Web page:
From subsistence to suprasistence is therefore not just a continuum in simple energy use. Food intake (one kind of simple energy) is a little different but not that different for people who subsist or suprasist. Fuel energy use is different but only to a point. Much of fuel consumption in developed economies goes towards maintaining environment (heating and cooling), and for transportation and more recently for electronic devices that enhance the flow of more complex energy – information and knowledge. However innovation is not simply a function of how much energy you spend on running your computer or ipad. The relationship between information input and creating new paradigms of structure and innovation is murky and not well understood. However, I imagine, if one were able to characterize it we would find that suprasistence is characterized by something qualitatively different than subsistence (for the physicists out there – a bifurcation in the system dynamics). These two ends of existence don’t operate on the basis of the same parameters. This is also why innovation is so hard to come by in subsistence economies.

Imagine however, instead of a world where most subsist, many exist and a few suprasist, if it were the other way around…

As posted on yourstory.in





2 thoughts on “From Subsistence to Suprasistence

  1. I would rather say it’s more about the mindset
    of the people. I would not even relate it to the education. I firmly believe if someone has got the right attitude, he will surely find a way to obtain the skill he needs.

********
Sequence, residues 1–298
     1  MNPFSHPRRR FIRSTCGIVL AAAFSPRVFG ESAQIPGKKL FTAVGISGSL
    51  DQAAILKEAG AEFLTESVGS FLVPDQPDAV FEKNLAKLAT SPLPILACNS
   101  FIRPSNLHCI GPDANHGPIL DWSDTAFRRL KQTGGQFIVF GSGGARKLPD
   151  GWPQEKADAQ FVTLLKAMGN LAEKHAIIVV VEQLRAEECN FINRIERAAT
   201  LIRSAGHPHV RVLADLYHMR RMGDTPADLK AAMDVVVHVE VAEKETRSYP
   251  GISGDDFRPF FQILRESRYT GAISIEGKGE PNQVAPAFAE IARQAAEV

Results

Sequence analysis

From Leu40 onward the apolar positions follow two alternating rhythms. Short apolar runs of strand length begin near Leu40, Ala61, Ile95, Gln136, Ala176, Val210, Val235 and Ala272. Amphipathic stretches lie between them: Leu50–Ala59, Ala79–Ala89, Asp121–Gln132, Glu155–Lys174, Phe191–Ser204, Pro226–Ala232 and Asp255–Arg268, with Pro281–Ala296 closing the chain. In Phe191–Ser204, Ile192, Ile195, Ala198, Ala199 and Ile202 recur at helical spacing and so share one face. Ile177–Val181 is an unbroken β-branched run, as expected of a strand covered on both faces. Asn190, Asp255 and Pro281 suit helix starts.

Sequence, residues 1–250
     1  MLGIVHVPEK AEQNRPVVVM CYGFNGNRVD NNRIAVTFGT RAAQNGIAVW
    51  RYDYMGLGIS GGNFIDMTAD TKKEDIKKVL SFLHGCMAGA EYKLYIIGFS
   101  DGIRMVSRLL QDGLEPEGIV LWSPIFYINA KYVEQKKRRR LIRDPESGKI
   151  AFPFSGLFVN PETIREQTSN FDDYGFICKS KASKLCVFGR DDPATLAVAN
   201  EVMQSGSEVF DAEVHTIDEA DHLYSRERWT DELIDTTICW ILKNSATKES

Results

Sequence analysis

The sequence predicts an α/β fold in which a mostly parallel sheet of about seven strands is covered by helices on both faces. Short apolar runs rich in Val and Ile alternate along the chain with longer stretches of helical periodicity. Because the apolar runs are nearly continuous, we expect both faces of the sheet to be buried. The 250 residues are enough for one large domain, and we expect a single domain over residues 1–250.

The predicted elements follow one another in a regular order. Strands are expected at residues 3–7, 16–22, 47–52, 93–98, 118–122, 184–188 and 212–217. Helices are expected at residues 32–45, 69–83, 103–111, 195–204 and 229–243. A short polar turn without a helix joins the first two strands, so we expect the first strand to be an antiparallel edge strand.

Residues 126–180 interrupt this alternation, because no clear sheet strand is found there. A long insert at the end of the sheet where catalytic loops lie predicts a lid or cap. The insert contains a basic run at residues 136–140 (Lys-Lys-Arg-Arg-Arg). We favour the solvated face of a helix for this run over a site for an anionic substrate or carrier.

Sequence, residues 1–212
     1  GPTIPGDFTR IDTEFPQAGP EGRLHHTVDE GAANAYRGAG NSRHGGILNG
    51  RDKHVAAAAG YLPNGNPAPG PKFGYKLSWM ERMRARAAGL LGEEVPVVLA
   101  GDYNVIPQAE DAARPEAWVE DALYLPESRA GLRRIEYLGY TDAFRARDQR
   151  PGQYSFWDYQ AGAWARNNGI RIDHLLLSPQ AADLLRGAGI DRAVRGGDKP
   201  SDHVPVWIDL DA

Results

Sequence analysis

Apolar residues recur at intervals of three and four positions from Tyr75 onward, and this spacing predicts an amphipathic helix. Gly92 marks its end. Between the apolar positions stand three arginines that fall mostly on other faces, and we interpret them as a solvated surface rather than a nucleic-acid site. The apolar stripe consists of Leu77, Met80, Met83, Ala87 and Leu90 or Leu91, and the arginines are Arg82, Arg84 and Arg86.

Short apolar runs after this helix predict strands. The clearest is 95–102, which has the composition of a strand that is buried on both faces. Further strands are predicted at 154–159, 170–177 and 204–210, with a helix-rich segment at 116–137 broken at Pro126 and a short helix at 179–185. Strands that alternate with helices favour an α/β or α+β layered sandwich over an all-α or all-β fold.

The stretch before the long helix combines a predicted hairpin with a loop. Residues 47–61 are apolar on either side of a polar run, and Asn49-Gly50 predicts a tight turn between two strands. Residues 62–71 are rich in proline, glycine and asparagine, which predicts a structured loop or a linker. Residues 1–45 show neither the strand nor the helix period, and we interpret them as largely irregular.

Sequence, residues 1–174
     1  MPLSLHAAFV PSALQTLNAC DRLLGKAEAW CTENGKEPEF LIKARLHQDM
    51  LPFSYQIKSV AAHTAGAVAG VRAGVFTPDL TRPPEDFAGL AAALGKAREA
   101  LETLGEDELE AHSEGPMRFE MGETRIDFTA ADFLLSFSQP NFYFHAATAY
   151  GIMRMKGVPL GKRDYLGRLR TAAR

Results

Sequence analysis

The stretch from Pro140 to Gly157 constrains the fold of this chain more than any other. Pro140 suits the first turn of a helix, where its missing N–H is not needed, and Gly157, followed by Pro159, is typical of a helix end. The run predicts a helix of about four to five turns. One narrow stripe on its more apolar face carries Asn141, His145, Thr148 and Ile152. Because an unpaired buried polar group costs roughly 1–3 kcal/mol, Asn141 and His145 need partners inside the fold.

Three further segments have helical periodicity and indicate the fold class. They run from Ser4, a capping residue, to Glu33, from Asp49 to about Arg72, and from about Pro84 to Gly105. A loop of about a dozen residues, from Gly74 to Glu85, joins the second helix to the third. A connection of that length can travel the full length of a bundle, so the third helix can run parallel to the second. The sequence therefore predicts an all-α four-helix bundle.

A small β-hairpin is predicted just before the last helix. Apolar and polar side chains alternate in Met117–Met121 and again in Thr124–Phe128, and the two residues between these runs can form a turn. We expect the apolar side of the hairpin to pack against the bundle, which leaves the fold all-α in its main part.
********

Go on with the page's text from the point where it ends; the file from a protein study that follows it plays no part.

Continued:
Intelligence (not just number crunching ability, its over all, to judge one’s own thought pattern etc) after all, is judged by its ability to solve the problems! Right?

    So the point I would like to make is, if a community is really smart, it will surely find a way to resolve basic issues (like food and shelter), and elevate itself to higher level of existence. But most part of our society has failed miserably there. I have no hesitation in concluding that there is something really and seriously wrong with the attitude of our people that is making them to suffer poverty.

  2. @Anonymous (Aug 17): Is it just attitude of the people, or are there other (external) factors that influence this subsistence? If it just attitude, where and when did this attitude originate or develop? Does the state support this subsistence by it very inefficiency in providing the basic rights to its citizens?

    Is the healthcare system delivering? Is the education system delivering? Why are we discussing food security? Can we attribute this subsistence to the “accepted” mediocrity in the performance of the state and its machinery in delivering on its administrative mandate? Do we continue to take for granted that we are “entitled” to what we already have and more, at the pain of creating conflict for “limited” resources?

    Or …

    Can we, as citizens, recognize that, like our own, every other citizen’s life is the most valuable asset? Do we create structures that aim to transcend the external factors that have given rise to the attitude of not-so-smart communities, so that they can move from subsistence to existence to “suprasistence?”

    This is all the blogger is asking … where a majority “suprasists” to create a lot more value; so that lives become more meaningful instead of “I was born to exist and die, and do nothing else.”